In the cover story of the November issue of Investment Advisor magazine, I revealed the findings of my white paper on The P4 Principles (Preparation, Pay, Perks, and Productivity), and how advisors can use them to create successful firms that virtually manage themselves. While each of the Ps is essential to overall business success, Preparation (as its name suggests) lays the groundwork upon which each of the other Ps is based. In the feature, I wasn’t able to go into as much detail on Preparation as there is in the white paper, so I thought it might be helpful to do so here.
My work with independent advisors has taught me that creating great firms comes from creating great employees. The first step toward creating those great employees is to teach them to teach themselves, by allowing them to learn their own way. This key is to create a culture within your firm that gives your employees permission to learn: to ask questions when they don’t understand; to make their best effort regardless of the outcome; to make mistakes as long as they own up to and correct them; to speak up when they have comments and/or observations (their ground-level perspective can often provide insight that’s hidden from the top-down view); to do their job the way they can do it (not how you would do it); and to ask for more responsibility (they usually have a better handle on what they can do than firm owners).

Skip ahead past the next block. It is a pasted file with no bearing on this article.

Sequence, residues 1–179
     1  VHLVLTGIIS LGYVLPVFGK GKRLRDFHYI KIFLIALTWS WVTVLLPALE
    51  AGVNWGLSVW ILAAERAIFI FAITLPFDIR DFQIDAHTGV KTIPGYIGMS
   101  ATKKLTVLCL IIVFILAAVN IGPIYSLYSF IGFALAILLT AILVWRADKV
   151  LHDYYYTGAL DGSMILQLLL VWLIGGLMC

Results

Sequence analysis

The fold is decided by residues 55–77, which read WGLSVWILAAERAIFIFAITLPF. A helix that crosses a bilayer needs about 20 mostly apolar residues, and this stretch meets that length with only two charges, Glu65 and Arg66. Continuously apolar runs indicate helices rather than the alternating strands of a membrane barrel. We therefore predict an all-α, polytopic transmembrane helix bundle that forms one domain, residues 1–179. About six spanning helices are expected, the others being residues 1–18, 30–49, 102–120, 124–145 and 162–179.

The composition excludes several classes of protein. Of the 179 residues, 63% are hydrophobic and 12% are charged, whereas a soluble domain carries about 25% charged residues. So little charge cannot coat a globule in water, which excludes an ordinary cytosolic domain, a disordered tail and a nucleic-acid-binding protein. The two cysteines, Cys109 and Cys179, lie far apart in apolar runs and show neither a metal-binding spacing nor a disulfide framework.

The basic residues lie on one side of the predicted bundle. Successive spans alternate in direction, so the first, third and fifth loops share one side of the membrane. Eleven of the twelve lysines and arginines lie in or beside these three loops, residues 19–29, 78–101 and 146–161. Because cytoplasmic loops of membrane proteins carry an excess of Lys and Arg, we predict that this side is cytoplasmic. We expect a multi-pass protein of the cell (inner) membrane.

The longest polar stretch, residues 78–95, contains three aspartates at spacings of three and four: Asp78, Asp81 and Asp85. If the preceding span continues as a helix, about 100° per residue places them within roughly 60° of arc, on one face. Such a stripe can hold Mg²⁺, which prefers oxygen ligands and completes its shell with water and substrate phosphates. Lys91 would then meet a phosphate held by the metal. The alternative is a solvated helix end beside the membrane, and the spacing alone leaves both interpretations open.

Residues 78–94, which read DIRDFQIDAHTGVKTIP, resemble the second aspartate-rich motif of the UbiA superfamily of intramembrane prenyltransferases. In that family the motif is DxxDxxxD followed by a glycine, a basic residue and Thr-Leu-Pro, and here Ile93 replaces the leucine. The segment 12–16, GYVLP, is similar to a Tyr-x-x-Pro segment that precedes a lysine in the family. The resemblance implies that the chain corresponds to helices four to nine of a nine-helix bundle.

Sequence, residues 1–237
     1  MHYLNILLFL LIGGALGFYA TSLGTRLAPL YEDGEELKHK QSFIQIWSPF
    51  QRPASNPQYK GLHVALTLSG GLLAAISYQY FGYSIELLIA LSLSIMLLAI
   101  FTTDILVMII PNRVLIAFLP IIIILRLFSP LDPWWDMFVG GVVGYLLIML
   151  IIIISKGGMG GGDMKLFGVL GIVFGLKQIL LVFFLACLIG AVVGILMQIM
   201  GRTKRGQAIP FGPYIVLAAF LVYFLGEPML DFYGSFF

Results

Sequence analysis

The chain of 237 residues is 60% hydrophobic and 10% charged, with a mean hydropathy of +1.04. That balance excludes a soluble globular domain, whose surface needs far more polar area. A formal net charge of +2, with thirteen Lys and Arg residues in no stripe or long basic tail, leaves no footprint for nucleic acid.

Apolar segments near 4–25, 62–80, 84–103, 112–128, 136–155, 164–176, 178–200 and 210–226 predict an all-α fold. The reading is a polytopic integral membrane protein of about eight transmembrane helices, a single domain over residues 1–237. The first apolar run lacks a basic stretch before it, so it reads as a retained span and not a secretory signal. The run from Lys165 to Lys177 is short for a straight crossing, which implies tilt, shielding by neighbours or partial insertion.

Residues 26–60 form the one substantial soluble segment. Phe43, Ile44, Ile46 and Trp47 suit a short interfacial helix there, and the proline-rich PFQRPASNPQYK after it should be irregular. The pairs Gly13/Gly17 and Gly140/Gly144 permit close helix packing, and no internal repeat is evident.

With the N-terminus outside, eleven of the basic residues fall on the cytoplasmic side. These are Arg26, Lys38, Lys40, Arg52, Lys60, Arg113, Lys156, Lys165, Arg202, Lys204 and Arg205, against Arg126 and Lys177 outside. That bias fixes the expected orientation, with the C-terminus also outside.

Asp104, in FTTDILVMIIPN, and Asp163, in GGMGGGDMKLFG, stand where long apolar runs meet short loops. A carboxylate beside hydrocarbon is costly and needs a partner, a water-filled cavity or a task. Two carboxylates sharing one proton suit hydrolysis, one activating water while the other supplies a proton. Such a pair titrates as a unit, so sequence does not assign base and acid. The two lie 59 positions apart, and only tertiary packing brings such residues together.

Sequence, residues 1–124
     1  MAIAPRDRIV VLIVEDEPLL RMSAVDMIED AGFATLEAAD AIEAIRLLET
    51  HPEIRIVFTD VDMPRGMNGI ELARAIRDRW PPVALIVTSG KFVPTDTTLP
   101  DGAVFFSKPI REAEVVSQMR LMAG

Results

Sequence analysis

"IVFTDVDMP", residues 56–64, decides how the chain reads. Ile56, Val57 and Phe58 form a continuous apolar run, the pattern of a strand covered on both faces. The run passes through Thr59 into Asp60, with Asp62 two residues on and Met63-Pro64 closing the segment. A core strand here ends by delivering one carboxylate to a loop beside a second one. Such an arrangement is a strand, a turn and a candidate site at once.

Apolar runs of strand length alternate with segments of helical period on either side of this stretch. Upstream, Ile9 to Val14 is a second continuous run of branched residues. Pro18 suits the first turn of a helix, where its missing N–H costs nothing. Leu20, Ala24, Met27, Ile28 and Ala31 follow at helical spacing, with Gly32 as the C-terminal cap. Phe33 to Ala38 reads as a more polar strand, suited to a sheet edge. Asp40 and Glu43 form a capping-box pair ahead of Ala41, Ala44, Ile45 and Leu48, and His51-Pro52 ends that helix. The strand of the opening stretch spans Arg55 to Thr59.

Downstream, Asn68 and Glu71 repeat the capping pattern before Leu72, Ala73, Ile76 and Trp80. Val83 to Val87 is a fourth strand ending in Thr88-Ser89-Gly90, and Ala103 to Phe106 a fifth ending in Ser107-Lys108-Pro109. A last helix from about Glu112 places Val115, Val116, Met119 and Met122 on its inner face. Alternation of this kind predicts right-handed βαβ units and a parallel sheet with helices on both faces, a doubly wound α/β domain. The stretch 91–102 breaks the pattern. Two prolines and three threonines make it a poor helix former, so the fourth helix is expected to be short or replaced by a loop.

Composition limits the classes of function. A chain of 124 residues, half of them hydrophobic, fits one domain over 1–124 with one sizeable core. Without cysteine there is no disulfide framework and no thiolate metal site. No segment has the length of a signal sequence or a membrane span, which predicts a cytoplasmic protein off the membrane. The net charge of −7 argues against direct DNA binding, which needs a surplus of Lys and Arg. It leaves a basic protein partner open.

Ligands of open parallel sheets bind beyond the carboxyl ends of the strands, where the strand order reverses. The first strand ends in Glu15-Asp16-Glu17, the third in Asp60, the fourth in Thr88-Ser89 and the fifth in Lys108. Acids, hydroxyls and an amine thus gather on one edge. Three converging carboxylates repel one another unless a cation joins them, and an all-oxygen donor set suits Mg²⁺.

On the other side of the employee/employer equation, firm owners need to work on becoming mentors or coaches, rather than “bosses.” They need to resist the urge to micro-manage, and to teach rather than critique. It’s easy to point out what people have done wrong, but much harder to do it in a way that they’ll do it right next time. And as I mentioned, it’s essential to let them do their job their way, not the way you’d do it; everybody is different, which is fine as long as you end up with the job done right.
It’s often helpful to take each task that an employee’s job entails separately. Start by having them do one task, and review it when they think it’s done. If it’s not up to your standards, explain why, and have them fix it until it’s done. Then have them do another instance of that same task, to see if they “got it.” If not, keep having them try until they do. Then move on to the next task, and repeat the process. In this way, you show employees how to do their jobs, while letting them figure it out for themselves: which is far more effective than simply telling them how to do their job.
When you create a working environment such as this, what you’re really doing is creating employees who can train themselves, expand their jobs, manage themselves, train and manage other employees, and make a significant contribution to the success of your/their firm, whether you’re there or not. They’ll learn to have confidence in themselves, in the knowledge that they don’t have to be perfect or know all the answers—as long as they are resourceful, and find the answer they need to do their jobs—and they’ll learn to take responsibility for getting their job done, for helping their co-workers and for helping you to build a successful firm.